Surviving a Whole House Renovation (while living in the house)
You’ve seen the shows and wondered how (and why) someone would want to undergo a whole house renovation and live in the house. For some, it’s merely a convenience. While that sounds odd, as the house is ripped apart, how on earth could that be convenient? If you’ve got kids, having them in their safe space at night is something to consider, for others, it’s proximity to family, hotels, or a kind friend that would allow you, your pets, and your kids to move in for a stay-cation while your house is being transformed. For others, it’s a financial or work-related decision. They’d rather put the money into the renovation vs. a hotel. Whatever the reason, more often than not, our homeowners stay in the house while the facelift takes place.
In this particular home, we started with the kitchen. The homeowner cleared out the kitchen and put everything from the cabinets in an extra bedroom on temporary shelving. She opted not to box up her belongings. She said she wanted access to her kitchen supplies as she intended to set up a make-shift kitchen. Creatively, she used her laundry room to set up a toaster oven, coffee maker, an electric skillet.
A couple of weeks before the remodel started, she prepared ready to cook casserole dishes. She was able to bake them in the toaster oven. Talking with her, the biggest challenge was doing the dishes. While she opted for paper and plastic products for as much as she could, she still had baking dishes to contend with. Her current bathroom sinks are very small so she used the tub to wash and rinse.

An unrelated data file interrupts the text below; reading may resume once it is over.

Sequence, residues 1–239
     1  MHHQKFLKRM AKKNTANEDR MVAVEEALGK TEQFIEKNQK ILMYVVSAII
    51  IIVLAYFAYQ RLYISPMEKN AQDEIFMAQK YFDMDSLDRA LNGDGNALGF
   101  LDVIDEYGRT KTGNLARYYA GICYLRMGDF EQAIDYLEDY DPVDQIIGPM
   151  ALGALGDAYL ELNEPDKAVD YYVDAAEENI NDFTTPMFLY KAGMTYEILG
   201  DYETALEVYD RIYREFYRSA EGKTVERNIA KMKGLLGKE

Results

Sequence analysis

Each time she did dishes, she fully scoured the tub. she placed a drying rack in the tub and put the dishes back in the temporary shelving as soon as she was done.
Did we mention dust? Oh yeah, the dust for almost any renovation is unreal. If you’re planning to remove previously laid tile, the mortar and grout removal will create concrete dust, and it goes everywhere, literally everywhere! While our company tarps and plastic sheets as much as possible, it still goes everywhere. You can expect to need a deep cleaning of areas that came in contact with the renovation room.
Dust you say? When removing tile floors, the dust goes everywhere, even when furnishings are covered.
It’s highly recommended that you have HVAC filters on hand if you’re renovation is taking place when the heating/cooling system is on. In the kitchen remodel mentioned above, two filters were used in only a couple of days. We didn’t want extra stress put on the unit so we stayed on top it. When they were changed out, they were full of concrete dust.
Her entire kitchen remodel took from start to finish about 12 days. The longest lead time item is the countertop; waiting on fabrication so that plumbing can be connected. In all, ten days isn’t too bad considering. At the end of the kitchen phase of the whole house project, she will have a gourmet kitchen.
The fun part will be moving back in with ample storage and a home for every small appliance. When asked if she regretted not moving out of the house completely for the renovation, she commented that coming home after a long day at work and seeing the progress was very satisfying.
We've been lucky a few times and been able to time a remodel when a homeowner was scheduled to be out of town. In these cases, they’re able to miss most of the dust and the potential challenges of a hardcore demo day, which can be overwhelming. The noise alone is more than most are prepared for.